Non-junctional E-Cadherin Clusters Regulate the Actomyosin Cortex in the C. elegans Zygote. Current Biology, December 2016.

By Anup Padmanabhan1, Hui Ting Ong1, Ronen Zaidel-Bar2

Current Biology. December 2016. Epub ahead of print. doi: 10.1016/j.cub.2016.10.032.

Abstract

Classical cadherins are well known for their essential function in mediating cell-cell adhesion via their extra-cellular cadherin domains and intra-cellular connections to the actin cytoskeleton [1-3]. There is evidence, however, of adhesion-independent cadherin clusters existing outside of cell-cell junctions [4-6]. What function, if any, these clusters have is not known. HMR-1, the sole classical cadherin in Caenorhabditis elegans, plays essential roles during gastrulation, blastomere polarity establishment, and epidermal morphogenesis [7-11]. To elucidate the physiological roles of non-junctional cadherin, we analyzed HMR-1 in the C. elegans zygote, which is devoid of neighbors. We show that non-junctional clusters of HMR-1 form during the one-cell polarization stage and associate with F-actin at the cortex during episodes of cortical flow. Non-junctional HMR-1 clusters downregulate RHO-1 activity and inhibit accumulation of non-muscle myosin II (NMY-2) at the anterior cortex. We found that HMR-1 clusters impede cortical flows and play a role in preserving the integrity of the actomyosin cortex, preventing it from splitting in two. Importantly, we uncovered an inverse relationship between the amount of HMR-1 at the cell surface and the rate of cytokinesis. The effect of HMR-1 clusters on cytokinesis is independent of their effect on NMY-2 levels, and is also independent of their extra-cellular domains. Thus, in addition to their canonical role in inter-cellular adhesion, HMR-1 clusters regulate RHO-1 activity and NMY-2 level at the cell surface, reinforce the stability of the actomyosin cortex, and resist its movement to influence cell-shape dynamics.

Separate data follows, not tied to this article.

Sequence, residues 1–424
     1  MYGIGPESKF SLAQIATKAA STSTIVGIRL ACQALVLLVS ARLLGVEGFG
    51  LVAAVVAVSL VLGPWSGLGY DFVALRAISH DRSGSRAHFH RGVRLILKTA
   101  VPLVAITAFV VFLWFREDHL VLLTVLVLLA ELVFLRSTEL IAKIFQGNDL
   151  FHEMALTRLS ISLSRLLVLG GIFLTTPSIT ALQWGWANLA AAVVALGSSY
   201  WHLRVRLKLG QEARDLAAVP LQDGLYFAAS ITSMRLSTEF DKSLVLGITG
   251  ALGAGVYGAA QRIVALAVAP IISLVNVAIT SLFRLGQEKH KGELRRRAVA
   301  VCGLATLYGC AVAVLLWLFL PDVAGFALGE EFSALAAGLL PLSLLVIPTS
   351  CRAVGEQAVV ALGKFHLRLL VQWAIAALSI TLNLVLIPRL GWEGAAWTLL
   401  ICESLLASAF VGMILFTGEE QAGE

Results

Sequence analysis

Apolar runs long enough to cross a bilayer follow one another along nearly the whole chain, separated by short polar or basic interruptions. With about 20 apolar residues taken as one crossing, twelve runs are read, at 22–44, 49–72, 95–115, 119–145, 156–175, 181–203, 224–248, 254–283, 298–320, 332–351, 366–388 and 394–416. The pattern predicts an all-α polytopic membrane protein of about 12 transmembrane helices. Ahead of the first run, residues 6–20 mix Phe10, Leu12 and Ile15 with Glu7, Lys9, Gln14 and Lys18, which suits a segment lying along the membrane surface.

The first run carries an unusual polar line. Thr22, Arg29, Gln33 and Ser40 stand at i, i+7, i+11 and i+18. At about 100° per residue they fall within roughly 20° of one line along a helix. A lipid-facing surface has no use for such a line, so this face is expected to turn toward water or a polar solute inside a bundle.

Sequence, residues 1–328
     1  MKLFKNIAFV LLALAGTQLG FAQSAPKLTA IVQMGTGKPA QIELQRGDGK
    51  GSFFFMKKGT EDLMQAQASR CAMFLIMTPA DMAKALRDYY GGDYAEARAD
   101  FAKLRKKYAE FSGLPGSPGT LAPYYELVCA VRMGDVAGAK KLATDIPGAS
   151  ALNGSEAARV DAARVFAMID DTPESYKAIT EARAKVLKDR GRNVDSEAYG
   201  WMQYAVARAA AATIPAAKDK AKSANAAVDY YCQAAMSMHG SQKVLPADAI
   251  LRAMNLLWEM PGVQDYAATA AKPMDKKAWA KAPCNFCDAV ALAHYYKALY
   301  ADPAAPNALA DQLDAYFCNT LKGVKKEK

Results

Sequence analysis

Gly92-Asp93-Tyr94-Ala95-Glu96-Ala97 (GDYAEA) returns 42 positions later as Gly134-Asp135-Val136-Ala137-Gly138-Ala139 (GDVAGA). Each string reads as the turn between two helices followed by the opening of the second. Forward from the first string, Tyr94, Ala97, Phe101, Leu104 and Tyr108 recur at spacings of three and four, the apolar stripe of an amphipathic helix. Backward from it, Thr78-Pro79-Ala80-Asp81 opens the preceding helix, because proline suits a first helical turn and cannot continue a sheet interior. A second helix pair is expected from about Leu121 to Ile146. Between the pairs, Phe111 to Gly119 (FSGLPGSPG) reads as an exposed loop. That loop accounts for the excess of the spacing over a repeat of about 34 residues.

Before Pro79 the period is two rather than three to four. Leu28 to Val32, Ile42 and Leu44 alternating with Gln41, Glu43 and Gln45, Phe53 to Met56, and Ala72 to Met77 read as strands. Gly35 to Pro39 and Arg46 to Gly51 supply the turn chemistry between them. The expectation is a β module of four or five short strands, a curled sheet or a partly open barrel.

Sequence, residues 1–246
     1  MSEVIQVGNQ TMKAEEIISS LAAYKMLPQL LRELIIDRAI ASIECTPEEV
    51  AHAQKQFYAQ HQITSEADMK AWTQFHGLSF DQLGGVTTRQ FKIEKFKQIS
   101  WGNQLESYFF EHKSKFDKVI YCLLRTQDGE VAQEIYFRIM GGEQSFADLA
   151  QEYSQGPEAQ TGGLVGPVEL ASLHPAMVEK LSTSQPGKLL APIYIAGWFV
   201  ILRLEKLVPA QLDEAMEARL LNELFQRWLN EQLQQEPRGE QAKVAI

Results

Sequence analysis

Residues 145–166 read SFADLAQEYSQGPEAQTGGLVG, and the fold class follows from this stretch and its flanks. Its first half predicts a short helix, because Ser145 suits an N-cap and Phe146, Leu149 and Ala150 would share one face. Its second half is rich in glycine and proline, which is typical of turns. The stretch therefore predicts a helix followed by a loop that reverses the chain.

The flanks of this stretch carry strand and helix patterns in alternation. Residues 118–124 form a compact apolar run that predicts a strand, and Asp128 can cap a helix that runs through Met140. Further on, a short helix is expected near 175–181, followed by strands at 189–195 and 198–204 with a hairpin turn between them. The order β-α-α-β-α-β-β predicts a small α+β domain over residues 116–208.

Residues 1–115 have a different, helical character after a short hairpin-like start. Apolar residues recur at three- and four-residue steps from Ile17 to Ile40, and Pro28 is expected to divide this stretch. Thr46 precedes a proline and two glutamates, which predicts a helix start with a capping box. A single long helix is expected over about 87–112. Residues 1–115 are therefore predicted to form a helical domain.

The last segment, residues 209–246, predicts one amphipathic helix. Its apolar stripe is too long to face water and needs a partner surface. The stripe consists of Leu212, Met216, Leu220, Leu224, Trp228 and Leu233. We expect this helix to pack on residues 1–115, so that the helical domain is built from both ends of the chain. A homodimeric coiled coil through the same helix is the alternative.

1Mechanobiology Institute, National University of Singapore, Singapore.
2Mechanobiology Institute, National University of Singapore, Singapore; Department of Biomedical Engineering, National University of Singapore, Singapore.